The faculty of the Bienen School of Music takes issues regarding sexual harassment very seriously, and the University has established a strong policy on the subject. During applied music lessons, pedagogical concerns often dictate that some amount of physical contact will take place between the teacher and the student. Singing or playing an instrument is a physical activity, and there are centuries of pedagogical history involving expert physical contact. These guidelines propose to remove some of the apprehension that may arise in the studio and to clarify the appropriate procedures.
If the pedagogical need for physical contact arises, the teacher will first ask permission to touch the student. The teacher will explain beforehand exactly what will be done and why. That way the student can understand the actions being taken. Specifically, such physical contact might include placing a hand on the student’s back, sides, or abdomen to confirm proper breathing, placing a hand on the face or jaw to assess facial tensions, or placing hands on the shoulders to establish appropriate posture.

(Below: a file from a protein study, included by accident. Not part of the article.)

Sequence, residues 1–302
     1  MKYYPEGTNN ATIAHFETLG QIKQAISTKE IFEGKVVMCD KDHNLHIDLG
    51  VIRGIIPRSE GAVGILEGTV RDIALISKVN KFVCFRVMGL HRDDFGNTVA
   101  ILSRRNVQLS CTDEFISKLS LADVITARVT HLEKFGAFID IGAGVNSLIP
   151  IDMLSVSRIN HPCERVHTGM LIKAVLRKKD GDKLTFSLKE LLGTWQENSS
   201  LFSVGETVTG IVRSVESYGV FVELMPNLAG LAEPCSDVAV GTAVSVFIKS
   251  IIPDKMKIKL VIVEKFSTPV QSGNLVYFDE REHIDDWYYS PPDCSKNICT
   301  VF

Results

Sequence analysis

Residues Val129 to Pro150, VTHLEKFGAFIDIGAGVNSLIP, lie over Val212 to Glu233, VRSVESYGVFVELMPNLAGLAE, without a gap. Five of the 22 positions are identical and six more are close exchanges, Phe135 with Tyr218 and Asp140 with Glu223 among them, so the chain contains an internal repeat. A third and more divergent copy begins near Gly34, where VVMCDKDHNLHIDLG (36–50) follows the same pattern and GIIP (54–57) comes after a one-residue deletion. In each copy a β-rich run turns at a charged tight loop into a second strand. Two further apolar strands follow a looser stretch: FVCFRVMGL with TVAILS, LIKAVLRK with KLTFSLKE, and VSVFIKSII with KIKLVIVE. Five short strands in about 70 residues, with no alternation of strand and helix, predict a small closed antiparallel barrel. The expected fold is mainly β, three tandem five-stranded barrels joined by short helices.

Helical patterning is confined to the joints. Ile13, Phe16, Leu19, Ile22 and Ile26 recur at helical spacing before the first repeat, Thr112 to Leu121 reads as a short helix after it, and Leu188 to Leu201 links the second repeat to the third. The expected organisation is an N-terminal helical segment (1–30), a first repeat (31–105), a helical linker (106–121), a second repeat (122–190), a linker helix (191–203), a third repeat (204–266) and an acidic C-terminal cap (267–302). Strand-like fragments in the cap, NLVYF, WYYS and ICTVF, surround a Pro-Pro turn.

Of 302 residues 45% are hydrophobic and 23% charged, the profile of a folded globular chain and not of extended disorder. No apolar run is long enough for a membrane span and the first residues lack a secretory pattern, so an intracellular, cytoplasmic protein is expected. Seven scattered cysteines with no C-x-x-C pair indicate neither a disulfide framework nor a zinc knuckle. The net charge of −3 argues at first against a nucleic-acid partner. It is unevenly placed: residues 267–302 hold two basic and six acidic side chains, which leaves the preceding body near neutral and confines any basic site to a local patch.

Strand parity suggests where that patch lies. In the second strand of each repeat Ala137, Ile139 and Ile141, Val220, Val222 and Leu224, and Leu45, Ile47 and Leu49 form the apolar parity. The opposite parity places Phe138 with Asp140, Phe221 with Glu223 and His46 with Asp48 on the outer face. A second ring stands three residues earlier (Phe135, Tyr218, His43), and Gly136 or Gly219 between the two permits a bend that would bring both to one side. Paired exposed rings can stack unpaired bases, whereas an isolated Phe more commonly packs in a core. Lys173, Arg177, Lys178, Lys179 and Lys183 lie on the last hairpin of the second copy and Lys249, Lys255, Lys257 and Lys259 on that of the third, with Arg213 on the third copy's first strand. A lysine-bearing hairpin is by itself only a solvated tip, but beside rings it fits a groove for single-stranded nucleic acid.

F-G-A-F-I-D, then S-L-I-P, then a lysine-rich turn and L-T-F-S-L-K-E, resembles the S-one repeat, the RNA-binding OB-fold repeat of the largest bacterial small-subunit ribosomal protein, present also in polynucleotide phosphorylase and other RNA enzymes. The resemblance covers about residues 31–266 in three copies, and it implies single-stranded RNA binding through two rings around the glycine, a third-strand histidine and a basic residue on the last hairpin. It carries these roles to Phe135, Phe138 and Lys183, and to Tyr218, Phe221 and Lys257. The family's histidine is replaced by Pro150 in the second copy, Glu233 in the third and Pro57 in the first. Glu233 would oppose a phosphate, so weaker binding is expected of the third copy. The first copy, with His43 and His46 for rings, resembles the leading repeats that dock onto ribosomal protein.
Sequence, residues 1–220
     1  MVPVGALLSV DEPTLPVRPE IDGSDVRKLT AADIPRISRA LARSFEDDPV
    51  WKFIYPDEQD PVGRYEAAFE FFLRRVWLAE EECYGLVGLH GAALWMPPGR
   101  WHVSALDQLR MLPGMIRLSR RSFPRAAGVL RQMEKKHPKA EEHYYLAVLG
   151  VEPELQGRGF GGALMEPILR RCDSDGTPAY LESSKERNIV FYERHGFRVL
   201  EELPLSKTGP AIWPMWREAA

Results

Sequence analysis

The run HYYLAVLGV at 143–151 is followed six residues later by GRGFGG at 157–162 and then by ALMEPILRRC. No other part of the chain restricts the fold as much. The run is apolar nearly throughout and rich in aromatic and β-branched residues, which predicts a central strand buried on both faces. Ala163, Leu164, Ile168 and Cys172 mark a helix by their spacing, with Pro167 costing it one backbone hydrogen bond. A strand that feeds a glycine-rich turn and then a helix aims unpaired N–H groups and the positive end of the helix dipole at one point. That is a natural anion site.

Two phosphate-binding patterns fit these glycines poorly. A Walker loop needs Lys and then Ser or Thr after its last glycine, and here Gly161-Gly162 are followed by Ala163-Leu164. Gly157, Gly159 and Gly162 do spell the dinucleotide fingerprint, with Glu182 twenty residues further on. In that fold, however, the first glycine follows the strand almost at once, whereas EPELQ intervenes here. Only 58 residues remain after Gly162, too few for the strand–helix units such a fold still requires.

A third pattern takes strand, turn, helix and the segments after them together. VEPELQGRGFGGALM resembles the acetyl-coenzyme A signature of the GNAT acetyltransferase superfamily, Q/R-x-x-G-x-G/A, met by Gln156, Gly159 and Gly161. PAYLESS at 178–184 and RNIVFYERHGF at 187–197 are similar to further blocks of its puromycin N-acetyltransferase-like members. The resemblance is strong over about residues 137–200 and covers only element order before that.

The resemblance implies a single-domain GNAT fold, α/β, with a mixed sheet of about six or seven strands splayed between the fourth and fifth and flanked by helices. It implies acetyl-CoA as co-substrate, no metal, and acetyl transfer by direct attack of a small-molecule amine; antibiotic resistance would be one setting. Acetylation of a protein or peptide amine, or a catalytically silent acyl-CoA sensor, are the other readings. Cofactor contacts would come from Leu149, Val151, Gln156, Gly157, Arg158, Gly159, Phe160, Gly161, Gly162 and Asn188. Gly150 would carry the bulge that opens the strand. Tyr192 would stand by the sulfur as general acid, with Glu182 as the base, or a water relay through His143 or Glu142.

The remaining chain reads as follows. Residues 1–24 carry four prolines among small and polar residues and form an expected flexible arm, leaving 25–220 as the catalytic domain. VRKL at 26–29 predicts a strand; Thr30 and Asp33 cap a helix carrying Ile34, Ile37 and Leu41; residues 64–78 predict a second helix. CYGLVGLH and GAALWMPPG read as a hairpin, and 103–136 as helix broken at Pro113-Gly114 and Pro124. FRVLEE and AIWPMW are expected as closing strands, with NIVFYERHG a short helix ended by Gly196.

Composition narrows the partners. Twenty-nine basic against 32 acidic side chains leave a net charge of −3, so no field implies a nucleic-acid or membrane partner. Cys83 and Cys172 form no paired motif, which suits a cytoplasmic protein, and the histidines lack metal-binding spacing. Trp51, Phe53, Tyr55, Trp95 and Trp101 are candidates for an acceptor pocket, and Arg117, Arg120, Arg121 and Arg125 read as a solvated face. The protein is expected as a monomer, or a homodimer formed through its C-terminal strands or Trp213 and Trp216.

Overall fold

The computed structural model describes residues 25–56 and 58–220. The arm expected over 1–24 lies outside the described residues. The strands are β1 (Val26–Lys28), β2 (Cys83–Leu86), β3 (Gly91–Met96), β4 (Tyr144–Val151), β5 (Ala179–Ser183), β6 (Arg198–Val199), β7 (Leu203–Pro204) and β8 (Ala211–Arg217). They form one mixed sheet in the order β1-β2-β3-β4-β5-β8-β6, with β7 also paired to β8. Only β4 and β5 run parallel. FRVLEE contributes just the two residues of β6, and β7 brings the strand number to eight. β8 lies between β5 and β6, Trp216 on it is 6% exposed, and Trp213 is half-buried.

Everyone has different comfort levels for physical contact, and it is impossible to predict what those levels are for each person. Some professors believe they are more effective and efficient using physical contact as a part of their teaching.
If students have questions or concerns about such physical contact, it is important that they do not hesitate to inform their professors. Asking questions or expressing concerns will not affect their grade. Students are responsible to let their professors know if they are uncomfortable with any physical contact. Students may also wish to do one or more of the following:
- Let the professor know that they are uncomfortable and ask the professor to discontinue the physical contact.
- If it is difficult to verbalize this, write the professor an email or note that deals with such concerns.
- Ask to have another person present in the studio during the lesson, such as an accompanist or friend.
- If students still feel uneasy or need assistance or clarification, they should talk to the program coordinator, the department chair, or the assistant dean.